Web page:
GZA provided structural and geotechnical engineering to Barletta Heavy Division (BHD) for the micro-tunnel pipeline and deep shaft construction portions of a sewer interceptor relief project and also designed reinforced concrete thrust blocks used for pipe jacking operations.


The new deep shafts required special considerations in their design and construction due to several issues, including: contaminated groundwater, existing utilities, headroom restrictions, tie-ins to existing sewer structures, difficult ground conditions, wide variations in the soil strata, and stability of nearby residential and commercial structures located, in some cases, immediately adjacent to the proposed construction.


The support of excavation systems designed for these shafts utilized a range of different innovative construction methods to take into account the limiting factors. GZA designed 20 shafts that were utilized as jacking and/or receiving shafts for the micro-tunnel operations, 11 of which were required to provide impermeable excavation support to prevent intrusion of contaminated groundwater. This was accomplished using a combination of interlocking drilled secant piles, steel sheet piles, jet grout invert seals, and jet grout ground improvement for MTBM entry and exit. These techniques allowed BHD to minimize the amount of groundwater treatment required and resulted in a major cost savings both in dewatering and water treatment, as well as a time savings to the project schedule created by allowing the shaft excavation and construction to continue unimpeded by water seepage.
GZA designed 6 water-tight shafts, using an interlocking circular secant pile system. This deep shaft construction technique minimized the need for contaminated groundwater treatment and eliminated the need for internal bracing due to thecircular arching properties of the shaft itself by effectively transmitting the hoop stresses incurred by the support of adjacent soils around the perimeter of the shaft.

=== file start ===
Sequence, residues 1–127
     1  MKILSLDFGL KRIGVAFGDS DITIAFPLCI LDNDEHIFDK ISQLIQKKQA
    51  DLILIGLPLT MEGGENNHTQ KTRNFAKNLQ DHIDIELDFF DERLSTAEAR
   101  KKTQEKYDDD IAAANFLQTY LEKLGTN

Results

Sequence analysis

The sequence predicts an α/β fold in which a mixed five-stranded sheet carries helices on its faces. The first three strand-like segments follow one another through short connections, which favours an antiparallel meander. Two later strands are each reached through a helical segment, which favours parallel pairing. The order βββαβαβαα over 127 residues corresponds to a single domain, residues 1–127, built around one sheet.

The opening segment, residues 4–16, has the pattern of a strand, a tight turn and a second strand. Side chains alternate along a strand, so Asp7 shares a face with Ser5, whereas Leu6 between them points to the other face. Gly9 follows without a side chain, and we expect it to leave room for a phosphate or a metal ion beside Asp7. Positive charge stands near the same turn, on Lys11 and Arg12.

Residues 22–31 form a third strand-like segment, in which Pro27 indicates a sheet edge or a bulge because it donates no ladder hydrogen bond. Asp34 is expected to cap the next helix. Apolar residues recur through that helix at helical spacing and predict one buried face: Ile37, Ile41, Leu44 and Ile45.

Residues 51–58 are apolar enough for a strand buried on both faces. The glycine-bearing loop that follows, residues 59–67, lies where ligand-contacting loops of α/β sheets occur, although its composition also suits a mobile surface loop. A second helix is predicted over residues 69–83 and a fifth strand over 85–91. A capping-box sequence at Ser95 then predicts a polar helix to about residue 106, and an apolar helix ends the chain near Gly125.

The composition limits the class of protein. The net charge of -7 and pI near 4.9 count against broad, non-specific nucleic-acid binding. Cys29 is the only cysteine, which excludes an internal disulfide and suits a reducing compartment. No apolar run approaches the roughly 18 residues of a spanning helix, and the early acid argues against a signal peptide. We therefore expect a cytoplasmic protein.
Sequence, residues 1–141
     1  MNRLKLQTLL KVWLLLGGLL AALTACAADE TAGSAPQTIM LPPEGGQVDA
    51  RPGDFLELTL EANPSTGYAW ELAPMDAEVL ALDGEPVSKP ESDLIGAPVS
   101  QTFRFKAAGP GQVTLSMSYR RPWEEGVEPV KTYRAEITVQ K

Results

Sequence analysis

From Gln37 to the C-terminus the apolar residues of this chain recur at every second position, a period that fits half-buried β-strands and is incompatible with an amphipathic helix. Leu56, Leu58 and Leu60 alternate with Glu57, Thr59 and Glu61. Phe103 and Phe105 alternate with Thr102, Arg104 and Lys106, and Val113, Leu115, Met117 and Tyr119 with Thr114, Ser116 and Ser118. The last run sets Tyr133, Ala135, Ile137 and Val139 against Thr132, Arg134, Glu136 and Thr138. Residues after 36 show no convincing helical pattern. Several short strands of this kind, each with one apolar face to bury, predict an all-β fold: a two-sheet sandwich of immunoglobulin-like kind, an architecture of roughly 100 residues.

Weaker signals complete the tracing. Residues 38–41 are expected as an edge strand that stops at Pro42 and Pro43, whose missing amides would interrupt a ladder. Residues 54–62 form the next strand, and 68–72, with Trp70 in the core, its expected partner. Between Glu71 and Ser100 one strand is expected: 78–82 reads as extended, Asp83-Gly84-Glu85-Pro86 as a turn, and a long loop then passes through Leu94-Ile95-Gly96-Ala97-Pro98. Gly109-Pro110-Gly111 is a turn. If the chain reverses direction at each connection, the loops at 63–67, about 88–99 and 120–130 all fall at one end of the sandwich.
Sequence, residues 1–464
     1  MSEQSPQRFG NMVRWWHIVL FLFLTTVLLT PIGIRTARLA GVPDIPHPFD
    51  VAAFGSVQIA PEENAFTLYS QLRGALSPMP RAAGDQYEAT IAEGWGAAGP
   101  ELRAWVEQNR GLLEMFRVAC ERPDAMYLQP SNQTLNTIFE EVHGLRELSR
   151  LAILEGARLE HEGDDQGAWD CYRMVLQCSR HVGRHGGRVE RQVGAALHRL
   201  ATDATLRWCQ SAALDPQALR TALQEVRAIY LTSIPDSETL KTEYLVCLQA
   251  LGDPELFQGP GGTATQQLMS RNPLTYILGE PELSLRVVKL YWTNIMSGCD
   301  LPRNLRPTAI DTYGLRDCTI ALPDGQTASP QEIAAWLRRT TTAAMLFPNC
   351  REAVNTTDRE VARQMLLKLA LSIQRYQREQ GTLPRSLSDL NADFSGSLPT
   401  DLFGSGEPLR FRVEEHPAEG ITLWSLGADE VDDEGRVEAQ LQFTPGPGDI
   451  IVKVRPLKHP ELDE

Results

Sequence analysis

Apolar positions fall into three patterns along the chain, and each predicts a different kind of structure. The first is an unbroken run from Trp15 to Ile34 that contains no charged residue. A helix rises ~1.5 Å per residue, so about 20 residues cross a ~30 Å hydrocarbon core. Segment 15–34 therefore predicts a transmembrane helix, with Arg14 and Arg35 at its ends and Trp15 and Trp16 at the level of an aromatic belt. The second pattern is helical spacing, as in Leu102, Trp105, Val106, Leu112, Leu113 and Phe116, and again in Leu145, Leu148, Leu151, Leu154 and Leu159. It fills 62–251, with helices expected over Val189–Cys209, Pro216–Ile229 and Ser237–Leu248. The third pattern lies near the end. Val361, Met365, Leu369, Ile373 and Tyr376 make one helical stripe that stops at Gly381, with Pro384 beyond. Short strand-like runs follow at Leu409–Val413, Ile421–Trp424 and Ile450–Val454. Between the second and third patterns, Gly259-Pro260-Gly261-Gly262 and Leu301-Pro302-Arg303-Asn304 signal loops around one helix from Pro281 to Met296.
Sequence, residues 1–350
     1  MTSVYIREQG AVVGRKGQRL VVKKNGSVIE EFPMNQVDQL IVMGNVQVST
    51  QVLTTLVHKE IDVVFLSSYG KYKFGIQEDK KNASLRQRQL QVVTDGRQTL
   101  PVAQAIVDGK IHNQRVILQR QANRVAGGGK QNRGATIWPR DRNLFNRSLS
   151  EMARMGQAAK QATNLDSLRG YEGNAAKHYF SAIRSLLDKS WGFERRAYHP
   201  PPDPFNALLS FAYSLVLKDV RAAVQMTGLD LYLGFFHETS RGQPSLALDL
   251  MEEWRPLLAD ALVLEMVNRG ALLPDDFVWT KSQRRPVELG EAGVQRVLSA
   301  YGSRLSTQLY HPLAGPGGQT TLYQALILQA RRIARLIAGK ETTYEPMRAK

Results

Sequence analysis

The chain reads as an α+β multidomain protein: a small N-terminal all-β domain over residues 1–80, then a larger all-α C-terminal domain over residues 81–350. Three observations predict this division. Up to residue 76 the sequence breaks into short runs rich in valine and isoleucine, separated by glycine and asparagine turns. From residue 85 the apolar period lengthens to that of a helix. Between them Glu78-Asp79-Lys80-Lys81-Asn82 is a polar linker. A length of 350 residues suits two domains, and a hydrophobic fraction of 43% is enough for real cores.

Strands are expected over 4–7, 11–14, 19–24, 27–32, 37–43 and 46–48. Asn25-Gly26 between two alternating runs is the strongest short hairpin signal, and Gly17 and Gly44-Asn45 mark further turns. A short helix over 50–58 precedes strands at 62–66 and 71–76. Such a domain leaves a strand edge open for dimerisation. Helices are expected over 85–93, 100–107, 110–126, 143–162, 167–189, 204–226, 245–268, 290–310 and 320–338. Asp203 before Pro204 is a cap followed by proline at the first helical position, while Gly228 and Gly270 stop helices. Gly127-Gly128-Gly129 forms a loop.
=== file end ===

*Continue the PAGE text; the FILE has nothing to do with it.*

One of the other major obstacles that BHD needed to overcome was low headroom clearances and close proximity to existing critical utilities at 6 of the required shafts. To deal with these two issues simultaneously, GZA proposed using a drilled micro-pile and lagging system. This allowed Barletta to address the headroom restriction by using a lower profile drill rig, locate and install the drilled micro-piles, and avoid utility support and relocations. This resulted in major cost and schedule savings. In addition, the use of drilled micro-piles at these shaft locations minimized vibrations on the nearby residential and commercial structures. This method mitigated the risk to BHD of potential physical damage to the structures as well as minimized the impact to the local residents, allowing shaft construction to advance efficiently and eliminated potential delays due to work hour restrictions.


: GZA’s shaft design provided a significant cost savings to BHD. The economy realized in the design and construction of these shafts was a direct product of the elimination of internal bracing, which allowed for a reduction in shaft diameter and construction material and excavation quantity, and resulted in a continuous excavation process since excavation work did not have to be stopped in order to install the bracing levels. This not only saved BHD the costs of potential additional excavation, soil treatment and disposal, but also saved them the costs associated with the materials and labor involved with bracing installation itself. For each potential level of bracing that was eliminated, an estimated one day was saved. As these were deep shafts, an estimated 3 levels of bracing would have been required for each, so a typical installation that would have taken 4 days would now only take one day. This increased efficiency on the construction of these 6 shafts and resulted in significant cost and schedule savings to BHD.